Title

A Campaign to End Female Genital Mutilation: An Argument Based on Common Grounds

Presenter Information

Tess Carlson

Presentation Type

Presentation

Abstract

Female genital mutilation (FGM) is a significant and longstanding tradition practiced by select cultures. It is also a serious human rights violation that has caused damaging psychological and physical pain to an estimated 100-140 million women throughout the world. FGM involves the surgical removal of all or part of female external genitalia and is thought by its practitioners to curb women’s sexual desire. Despite its widespread legal prohibition, FGM is still widely practiced in 28 African countries, parts of the Middle East and India, the United States, Canada, New Zealand, Australia, and Europe.

In the summer of 2011, I had the opportunity to work with a non-governmental organization, the Foundation for Women’s Health Research and Development (FORWARD), on their campaign to end FGM. Through my work at FORWARD, I became committed to ending the practice of FGM by addressing the social constructs that perpetuate it. This paper describes and defends a certain method of advocacy, which I call the ‘grassroots approach,’ as the best way to abolish this practice. The grassroots approach works to create a shared awareness and understanding of FGM’s damaging effects, ultimately allowing women to make informed decisions on behalf of themselves and their families. By presenting this paper I hope to demonstrate that it is both possible and necessary to advocate for the abolition of harmful traditions in a way that is sensitive to cultural differences.

Category

Humanities

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Apr 13th, 9:00 AM Apr 13th, 9:20 AM

A Campaign to End Female Genital Mutilation: An Argument Based on Common Grounds

UC 332

Female genital mutilation (FGM) is a significant and longstanding tradition practiced by select cultures. It is also a serious human rights violation that has caused damaging psychological and physical pain to an estimated 100-140 million women throughout the world. FGM involves the surgical removal of all or part of female external genitalia and is thought by its practitioners to curb women’s sexual desire. Despite its widespread legal prohibition, FGM is still widely practiced in 28 African countries, parts of the Middle East and India, the United States, Canada, New Zealand, Australia, and Europe.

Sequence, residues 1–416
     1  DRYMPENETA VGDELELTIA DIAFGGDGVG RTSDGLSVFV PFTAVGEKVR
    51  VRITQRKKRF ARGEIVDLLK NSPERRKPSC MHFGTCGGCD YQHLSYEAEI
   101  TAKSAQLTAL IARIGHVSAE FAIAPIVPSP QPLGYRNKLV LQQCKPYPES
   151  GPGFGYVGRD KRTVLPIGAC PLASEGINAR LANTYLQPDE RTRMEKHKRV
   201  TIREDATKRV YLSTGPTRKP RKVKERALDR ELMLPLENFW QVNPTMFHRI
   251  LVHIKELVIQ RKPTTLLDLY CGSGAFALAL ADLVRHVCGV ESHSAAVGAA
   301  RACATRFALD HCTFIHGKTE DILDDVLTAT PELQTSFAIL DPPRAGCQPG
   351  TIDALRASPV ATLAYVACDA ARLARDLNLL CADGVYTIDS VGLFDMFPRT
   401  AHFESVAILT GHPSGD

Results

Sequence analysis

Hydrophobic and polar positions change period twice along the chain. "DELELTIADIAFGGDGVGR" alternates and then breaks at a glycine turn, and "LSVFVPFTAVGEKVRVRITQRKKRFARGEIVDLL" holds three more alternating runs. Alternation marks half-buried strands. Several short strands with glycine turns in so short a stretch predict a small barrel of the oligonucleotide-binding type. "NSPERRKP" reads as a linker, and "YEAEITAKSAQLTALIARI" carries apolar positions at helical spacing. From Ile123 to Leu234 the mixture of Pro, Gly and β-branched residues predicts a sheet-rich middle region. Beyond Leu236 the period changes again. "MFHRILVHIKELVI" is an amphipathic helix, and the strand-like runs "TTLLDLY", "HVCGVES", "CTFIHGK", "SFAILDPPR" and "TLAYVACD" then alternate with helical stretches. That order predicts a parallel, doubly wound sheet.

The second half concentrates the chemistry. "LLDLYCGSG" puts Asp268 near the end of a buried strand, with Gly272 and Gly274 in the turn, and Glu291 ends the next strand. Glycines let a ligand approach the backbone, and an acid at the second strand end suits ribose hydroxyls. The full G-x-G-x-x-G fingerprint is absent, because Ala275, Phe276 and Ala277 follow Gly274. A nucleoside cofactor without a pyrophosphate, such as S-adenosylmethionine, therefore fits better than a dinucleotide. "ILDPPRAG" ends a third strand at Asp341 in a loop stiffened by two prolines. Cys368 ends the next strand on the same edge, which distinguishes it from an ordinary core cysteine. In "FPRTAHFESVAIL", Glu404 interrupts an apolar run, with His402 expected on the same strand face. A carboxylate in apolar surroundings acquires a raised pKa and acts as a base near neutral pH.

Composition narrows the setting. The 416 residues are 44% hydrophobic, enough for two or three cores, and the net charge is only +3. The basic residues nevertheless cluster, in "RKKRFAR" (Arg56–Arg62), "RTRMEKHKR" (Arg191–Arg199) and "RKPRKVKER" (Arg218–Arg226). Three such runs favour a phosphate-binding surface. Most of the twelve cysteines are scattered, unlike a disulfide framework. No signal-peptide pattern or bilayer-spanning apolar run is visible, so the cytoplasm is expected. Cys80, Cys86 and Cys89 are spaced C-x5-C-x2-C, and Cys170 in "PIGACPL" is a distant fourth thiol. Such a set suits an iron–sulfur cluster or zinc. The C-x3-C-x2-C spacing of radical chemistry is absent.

In the summer of 2011, I had the opportunity to work with a non-governmental organization, the Foundation for Women’s Health Research and Development (FORWARD), on their campaign to end FGM. Through my work at FORWARD, I became committed to ending the practice of FGM by addressing the social constructs that perpetuate it. This paper describes and defends a certain method of advocacy, which I call the ‘grassroots approach,’ as the best way to abolish this practice. The grassroots approach works to create a shared awareness and understanding of FGM’s damaging effects, ultimately allowing women to make informed decisions on behalf of themselves and their families. By presenting this paper I hope to demonstrate that it is both possible and necessary to advocate for the abolition of harmful traditions in a way that is sensitive to cultural differences.